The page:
Post-Traumatic Incident Management Instruction by alendar


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									Post-Traumatic Incident Management Instruction
                                                                                                   Owner: Manager, OHS
                                                                                           Last Update: 3 December 2009

1.   Staff and students who have been involved in a traumatic incident or who are showing signs of unusual distress
     should be offered counselling. Recent evidence suggests that blanket counselling can dramatise an event and
     actually generate more distress, and thus slow down the natural healing process. Therefore the offer of counselling
     should be selective and only occur after consultation with the counsellor on the need for intervention and the
     appropriate response.
2.   Access to trauma management counselling as soon as possible (within the first two hours, and then in follow up
     stages) has proven to be of significant help in reducing chronic abnormal responses. Well-handled interventions in
     critical incidents has led to 95 per cent of people going back to work/study and functioning well within seven weeks

3.    A trained professional can facilitate normalisation of reactions, provide a buffer and an educative function for family,
     co-workers and other students to enable them to avoid accidentally impinging on the victims.

4.   Advice should be also sought from the counsellor on related issues such as media releases and the investigation

5.   The Director, Student Life will designate a counsellor for each campus to provide initial counselling intervention prior
     to the affected staff or students leaving the campus. The Director, Student Life will ensure that counselling services
     are reasonably available and contactable in a crisis

6.   The manager or supervisor of the staff/students affected needs to alert the Director, Student Life to the need for
     counselling. Further steps the manager can take after 24 hours, one week and two weeks are outlined below.

Information on Post-Trauma Reactions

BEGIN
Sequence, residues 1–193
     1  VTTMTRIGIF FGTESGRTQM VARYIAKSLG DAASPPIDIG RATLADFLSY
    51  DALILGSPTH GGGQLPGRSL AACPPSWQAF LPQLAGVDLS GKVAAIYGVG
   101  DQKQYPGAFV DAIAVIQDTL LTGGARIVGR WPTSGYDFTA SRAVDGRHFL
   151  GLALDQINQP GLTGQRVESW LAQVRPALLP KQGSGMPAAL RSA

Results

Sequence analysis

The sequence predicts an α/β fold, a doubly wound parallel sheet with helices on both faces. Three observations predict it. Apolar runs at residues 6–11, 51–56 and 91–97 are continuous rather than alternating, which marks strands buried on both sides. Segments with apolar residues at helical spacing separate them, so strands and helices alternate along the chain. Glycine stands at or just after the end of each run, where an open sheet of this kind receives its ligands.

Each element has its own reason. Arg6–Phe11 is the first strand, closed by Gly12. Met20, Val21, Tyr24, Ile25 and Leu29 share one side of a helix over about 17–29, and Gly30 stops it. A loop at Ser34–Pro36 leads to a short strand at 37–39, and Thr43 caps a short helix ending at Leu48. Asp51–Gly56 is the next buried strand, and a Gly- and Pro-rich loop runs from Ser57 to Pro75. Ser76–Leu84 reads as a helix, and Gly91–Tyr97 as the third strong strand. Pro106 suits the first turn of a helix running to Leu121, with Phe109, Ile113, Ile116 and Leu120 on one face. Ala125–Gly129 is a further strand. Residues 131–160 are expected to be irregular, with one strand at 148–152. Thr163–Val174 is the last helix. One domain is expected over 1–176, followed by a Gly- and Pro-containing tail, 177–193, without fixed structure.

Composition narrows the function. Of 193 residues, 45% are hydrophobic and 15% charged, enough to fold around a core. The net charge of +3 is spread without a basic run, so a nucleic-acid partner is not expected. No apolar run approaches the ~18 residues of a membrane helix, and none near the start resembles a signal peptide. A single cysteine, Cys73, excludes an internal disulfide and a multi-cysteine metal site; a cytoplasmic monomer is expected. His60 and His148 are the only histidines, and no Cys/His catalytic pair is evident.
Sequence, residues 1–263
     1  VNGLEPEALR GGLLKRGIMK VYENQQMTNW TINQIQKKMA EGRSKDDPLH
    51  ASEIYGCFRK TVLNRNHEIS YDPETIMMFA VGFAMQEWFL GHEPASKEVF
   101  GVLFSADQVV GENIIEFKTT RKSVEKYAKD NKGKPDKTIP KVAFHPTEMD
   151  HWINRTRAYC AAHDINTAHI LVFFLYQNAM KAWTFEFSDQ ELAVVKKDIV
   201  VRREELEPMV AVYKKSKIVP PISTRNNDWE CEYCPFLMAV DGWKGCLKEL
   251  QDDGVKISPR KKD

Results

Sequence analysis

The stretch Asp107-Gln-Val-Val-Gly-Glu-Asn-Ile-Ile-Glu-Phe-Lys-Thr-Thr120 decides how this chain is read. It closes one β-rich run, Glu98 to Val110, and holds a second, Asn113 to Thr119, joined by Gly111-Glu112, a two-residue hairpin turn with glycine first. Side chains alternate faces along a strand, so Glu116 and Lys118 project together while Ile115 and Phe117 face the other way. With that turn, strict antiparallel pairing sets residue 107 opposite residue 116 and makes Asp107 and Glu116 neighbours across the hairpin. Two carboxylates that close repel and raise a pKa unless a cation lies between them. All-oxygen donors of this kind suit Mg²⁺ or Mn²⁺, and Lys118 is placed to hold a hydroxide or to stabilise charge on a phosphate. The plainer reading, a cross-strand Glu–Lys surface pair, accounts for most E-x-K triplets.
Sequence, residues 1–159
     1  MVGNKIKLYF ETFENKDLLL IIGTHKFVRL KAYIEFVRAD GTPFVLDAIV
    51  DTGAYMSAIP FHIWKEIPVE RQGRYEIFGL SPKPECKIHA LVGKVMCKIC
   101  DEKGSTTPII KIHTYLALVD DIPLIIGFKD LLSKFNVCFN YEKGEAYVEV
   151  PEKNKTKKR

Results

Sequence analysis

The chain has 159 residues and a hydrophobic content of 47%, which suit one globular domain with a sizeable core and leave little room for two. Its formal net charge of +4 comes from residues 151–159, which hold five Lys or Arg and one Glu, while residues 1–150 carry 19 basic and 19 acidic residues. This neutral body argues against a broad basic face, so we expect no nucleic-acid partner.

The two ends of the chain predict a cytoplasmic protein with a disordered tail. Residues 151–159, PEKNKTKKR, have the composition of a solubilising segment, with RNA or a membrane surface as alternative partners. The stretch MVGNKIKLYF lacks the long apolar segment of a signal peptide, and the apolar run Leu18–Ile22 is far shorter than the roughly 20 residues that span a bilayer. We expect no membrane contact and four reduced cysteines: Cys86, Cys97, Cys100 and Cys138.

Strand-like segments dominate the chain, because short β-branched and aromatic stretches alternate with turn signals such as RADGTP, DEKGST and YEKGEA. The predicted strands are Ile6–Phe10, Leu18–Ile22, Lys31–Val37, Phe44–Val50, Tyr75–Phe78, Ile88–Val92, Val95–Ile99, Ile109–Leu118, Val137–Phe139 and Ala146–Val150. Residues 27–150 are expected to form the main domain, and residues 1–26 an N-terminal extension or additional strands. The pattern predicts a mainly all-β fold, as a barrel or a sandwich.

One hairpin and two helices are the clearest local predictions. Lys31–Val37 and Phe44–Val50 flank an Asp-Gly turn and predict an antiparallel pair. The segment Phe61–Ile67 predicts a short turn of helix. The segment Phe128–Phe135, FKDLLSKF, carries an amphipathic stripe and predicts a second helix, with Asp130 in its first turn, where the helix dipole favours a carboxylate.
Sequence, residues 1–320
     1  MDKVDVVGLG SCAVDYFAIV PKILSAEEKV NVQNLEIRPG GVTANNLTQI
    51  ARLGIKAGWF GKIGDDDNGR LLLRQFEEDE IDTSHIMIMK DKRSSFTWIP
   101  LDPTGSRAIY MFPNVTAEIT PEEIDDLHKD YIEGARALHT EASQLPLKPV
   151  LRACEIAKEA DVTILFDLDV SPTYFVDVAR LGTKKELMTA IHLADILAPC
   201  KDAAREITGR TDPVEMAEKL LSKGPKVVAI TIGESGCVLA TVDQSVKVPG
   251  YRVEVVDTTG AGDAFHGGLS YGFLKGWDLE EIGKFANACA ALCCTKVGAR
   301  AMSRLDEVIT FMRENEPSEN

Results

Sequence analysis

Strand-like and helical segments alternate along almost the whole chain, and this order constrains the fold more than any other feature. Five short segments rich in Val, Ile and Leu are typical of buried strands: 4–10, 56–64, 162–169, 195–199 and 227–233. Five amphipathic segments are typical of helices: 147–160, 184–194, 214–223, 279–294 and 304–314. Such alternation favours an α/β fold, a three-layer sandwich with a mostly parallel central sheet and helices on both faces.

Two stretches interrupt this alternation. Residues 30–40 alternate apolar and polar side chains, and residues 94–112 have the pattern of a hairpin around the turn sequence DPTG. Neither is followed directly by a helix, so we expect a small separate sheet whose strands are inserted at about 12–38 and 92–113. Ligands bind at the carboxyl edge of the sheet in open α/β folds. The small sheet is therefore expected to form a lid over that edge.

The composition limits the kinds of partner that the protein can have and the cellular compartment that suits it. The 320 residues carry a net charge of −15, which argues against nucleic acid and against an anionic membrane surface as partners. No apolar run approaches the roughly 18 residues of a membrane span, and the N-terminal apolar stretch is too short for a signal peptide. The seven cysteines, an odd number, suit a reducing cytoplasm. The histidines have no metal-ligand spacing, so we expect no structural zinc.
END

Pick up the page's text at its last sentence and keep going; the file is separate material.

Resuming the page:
7.   Traumatic incidents can be a threatening experience not only for those who are directly involved, but also for staff
     and students indirectly involved. The way in which those in authority respond after a traumatic incident is a significant
     factor in the long-term recovery of staff or students who have been adversely affected by the incident.

8.   The victim of a critical traumatic incident will have his/her personal defence structure weakened under the stress of
     violation, leading to high susceptibility to the influence of others. This makes the behaviour of significant others
     unusually powerful in the period immediately after the incident. The active participation of supervisors/lecturers in
     supporting staff/students is considered the key factor in diluting the extent of stress reactions experienced by a
     traumatised employee/student.

9.   It is important that the initial emotional and behavioural reactions of those affected by a traumatic incident be seen as
     being normal reactions. If reactions are unrecognised, unaddressed or misunderstood, they may develop into
     abnormal reactions, which can cause severe personal and organisational difficulties.

10. When there is an indication of a traumatic incident consultation with the senior Student Life counsellor on campus
     may assist. A carefully planned joint intervention may dilute or avert a serious incident. This may occur for example
    • a staff member/student may be suicidal or exhibiting self-destructive behaviour
    • a staff member/student may be demonstrating threatening or some other disturbed behaviour.
Post-Traumatic Incident Management Instruction

Management of Traumatic Incident Responses
11. Immediately following a critical traumatic incident:
    • Ensure the threat has passed.
    • Provide assistance (follow the relevant Emergency Arrangements procedure e.g. Bomb Threat, Fire, Medical).